To Hal Reister, The Man Who Made My Careet Possible
Today, July 5, 2011, is the 50th
anniversary of the day that began the formation of Tom Samson as a professional. Fifty years ago this morning
I reported to the Arthur Young office in Kansas City fulfilling the process you started when you interviewed me the previous
fall at Creighton University in Omaha. As I stood at the reception desk that morning it was easy to reflect
on what had happened since our first meeting in Omaha:
- I had taken my first plane ride to fly to Kansas City for the in-office interview. I can
still remember the anxiety I felt as I boarded that plane at the Omaha airport on an overcast winter day and the excitement
I felt in that magical moment when the plane broke through the clouds into the bright sunlit sky . . . I just knew that I
was embarking on something special . . . but little did I know how special and important that trip would be.
- Your offer letter, after the office interview, to start in July 1961 with
the firm’s Kansas City office for $425 per month was received with another level of excitement. Those
four years at Creighton had paid off as my dad had said they would when he pushed me to become the first in my family to earn
a college degree and to “work with my head instead of my hands alone”, a tough decision for a farmer whose only
son would no longer be there to help him with the tasks and chores required to keep the family farm going as he aged.
- Dr. John Begley, my accounting professor and boss (I worked for him part
time in his accounting practice while at Creighton) had pushed me to take your offer and had nothing but great words to say
about Arthur Young.
- As an ROTC cadet,
I had a six month commitment for active duty as a commissioned officer in the Army reserve following graduation.
My active duty date was the January following graduation. None of the firms I discussed this with
during on-campus interviews had any issues with this commitment.
- Judi and I had set our wedding date for two weeks after my graduation and we were ready to move to where my new job
was for the six months before my active duty time. Our plans were that she would remain there for the six
months I was on active duty.
- I had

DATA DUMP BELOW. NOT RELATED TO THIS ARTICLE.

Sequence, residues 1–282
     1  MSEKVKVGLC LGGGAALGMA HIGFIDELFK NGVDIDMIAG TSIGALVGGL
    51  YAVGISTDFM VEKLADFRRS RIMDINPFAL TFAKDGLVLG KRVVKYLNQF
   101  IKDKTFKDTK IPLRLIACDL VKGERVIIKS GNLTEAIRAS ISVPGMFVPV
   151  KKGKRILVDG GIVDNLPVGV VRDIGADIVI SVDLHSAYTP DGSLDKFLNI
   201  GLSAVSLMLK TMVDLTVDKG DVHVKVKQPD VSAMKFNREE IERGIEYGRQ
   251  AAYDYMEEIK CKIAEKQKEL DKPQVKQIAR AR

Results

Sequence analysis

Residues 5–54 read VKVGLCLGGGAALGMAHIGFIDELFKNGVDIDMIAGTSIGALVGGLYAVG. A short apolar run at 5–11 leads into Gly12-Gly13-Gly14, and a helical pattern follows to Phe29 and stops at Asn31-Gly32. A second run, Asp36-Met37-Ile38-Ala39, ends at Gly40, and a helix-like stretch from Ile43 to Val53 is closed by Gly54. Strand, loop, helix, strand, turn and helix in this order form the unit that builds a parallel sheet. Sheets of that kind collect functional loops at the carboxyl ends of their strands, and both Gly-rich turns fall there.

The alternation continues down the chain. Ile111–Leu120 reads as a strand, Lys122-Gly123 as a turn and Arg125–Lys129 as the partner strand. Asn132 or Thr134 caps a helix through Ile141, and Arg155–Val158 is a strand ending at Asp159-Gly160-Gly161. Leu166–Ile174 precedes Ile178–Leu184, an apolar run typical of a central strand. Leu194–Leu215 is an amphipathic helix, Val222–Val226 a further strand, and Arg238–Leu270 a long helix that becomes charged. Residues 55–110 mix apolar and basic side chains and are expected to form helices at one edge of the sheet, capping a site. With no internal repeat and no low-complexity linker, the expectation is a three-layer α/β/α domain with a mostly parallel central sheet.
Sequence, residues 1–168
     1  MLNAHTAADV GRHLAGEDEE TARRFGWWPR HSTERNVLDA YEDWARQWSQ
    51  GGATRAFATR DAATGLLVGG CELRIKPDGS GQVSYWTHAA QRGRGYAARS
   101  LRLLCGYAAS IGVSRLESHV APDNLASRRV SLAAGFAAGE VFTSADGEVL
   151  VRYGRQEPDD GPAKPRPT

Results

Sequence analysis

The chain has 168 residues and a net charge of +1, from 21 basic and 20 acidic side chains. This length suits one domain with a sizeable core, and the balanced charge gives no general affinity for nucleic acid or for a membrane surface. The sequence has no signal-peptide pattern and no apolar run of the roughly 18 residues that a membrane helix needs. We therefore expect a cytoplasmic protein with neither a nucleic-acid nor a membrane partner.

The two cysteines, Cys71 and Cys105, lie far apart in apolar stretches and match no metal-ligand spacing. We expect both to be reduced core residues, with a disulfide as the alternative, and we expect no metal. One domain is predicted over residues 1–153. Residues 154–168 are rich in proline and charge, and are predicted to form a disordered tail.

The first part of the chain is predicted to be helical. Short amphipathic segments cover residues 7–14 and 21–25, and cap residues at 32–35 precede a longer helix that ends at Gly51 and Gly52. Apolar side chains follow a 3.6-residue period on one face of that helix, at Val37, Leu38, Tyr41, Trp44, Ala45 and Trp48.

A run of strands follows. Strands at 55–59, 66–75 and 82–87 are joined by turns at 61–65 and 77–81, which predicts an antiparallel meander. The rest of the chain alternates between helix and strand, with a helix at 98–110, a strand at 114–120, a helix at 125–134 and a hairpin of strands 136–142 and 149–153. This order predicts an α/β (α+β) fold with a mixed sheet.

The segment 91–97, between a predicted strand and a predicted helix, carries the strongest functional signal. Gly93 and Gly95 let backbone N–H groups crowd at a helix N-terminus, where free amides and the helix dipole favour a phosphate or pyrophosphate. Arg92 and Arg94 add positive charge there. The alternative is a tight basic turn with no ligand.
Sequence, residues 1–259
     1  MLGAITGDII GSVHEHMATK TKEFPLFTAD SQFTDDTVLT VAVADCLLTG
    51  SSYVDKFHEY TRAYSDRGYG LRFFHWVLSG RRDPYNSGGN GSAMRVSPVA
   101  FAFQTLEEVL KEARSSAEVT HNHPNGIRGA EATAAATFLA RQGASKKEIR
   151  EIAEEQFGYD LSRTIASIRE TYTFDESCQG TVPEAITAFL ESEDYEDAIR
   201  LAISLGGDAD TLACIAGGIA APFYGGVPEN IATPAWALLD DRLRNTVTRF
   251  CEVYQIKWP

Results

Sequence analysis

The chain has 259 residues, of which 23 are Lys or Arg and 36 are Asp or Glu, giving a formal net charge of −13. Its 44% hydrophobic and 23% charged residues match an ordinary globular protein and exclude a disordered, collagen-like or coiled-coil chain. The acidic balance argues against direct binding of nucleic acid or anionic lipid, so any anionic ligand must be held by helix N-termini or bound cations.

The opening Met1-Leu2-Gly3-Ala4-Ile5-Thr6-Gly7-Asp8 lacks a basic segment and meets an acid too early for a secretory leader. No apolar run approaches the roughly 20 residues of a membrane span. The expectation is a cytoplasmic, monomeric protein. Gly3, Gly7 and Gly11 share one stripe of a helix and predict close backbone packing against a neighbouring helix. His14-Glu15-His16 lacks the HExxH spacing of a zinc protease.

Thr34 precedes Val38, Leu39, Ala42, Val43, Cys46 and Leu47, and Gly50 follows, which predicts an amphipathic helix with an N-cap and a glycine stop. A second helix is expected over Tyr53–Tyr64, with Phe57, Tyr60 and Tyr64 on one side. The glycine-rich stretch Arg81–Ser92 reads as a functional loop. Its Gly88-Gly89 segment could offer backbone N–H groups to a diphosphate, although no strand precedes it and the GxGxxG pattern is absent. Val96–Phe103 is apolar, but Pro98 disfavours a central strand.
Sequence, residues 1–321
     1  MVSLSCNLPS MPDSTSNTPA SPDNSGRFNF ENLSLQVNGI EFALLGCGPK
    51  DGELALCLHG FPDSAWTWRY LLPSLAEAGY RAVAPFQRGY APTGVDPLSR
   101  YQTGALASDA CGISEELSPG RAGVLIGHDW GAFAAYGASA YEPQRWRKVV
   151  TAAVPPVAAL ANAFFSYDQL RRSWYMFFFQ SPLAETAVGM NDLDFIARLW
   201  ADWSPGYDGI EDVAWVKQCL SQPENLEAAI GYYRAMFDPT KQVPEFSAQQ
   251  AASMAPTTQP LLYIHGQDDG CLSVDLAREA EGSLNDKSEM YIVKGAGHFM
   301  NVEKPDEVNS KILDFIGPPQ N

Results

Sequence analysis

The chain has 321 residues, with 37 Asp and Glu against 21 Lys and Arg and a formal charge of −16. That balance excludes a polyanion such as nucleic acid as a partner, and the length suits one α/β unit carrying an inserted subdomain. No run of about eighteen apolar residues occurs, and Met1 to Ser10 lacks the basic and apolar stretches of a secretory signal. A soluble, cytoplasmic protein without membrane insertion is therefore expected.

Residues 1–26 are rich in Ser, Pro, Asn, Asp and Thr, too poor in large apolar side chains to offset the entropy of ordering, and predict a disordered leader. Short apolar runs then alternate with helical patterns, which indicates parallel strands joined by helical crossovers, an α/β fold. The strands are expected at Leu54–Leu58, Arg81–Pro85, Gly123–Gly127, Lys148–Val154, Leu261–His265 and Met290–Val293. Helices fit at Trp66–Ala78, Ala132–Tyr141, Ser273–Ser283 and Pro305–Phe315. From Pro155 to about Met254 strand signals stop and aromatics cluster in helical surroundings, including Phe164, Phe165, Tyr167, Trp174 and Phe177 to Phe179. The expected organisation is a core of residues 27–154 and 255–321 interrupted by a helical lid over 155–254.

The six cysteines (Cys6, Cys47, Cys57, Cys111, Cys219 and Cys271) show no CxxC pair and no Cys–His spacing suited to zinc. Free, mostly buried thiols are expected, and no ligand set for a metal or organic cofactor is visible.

received two other offer letters, one from Peat Marwick’s Omaha office and the other from Arthur Andersen’s Chicago
office, both with start dates in July.
January 1961, a new, young president, John Kennedy, was inaugurated and almost immediately our country’s relationship
with Russia worsened. Within weeks, the active duty time for nearly all Army reserve officers, including
me, was extended to two years.
- I will never
forget the feeling I had when I sat across the desk from the Andersen recruiter in their Omaha office where we met to discuss
their Chicago office offer. Upon learning of the change in my active duty assignment, he threw his business
card across the desk at me and told me to call him when I “got out of the Army.” (That feeling
served me well over the years as I worked on Arthur Young proposal teams and gave me a special feeling when Enron imploded.)
- A few days after that I got a letter from Peat Marwick with a similar message
- My mind was racing with questions: Would anyone hire me for the six months
before I went on active duty? Judi and I were not going to be able to live on her wages alone and it looked
like no one would hire me for the six months before I went on active duty.
- I wrote you a letter explaining the change in my military commitment. You sent me a note
reassuring me that the offer to start in July for six months was still good and you expected to see me back with the firm
when I completed my two year active duty time. I believe that note still has the smudges from my tears
- Our wedding
plans were firmed up and our honeymoon trip to Kansas City was planned to include a hunt for our first apartment as a married
and my commissioning took place on June 7th followed by our wedding on June 17th.
- We found our new home in an apartment on the edge of the Plaza.
- Judi found a job with a company near the Plaza and I prepared for my
first day at Arthur Young.
And what a day it was. Only got part of my paperwork filled out before you
introduced me to a senior who whisked me off to a client’s location before lunch where I began sorting checks and completing
bank reconciliations, a task John Begley had prepared me well for. As I recall, I got six hours of billable
time that first day. Not bad for a newbie! I also remember there was a problem in that
my first time sheet preceded the completion of the paperwork needed to make me an employee.
Hal, words cannot express the gratitude I have for all that you did for
me not only at the start of my career, but throughout the time we worked together. You became a good friend,
confidant and advisor. To you my dear friend goes much of the credit for helping make not only my career
so rewarding but for helping create the platform from which our three sons have each built their professional careers.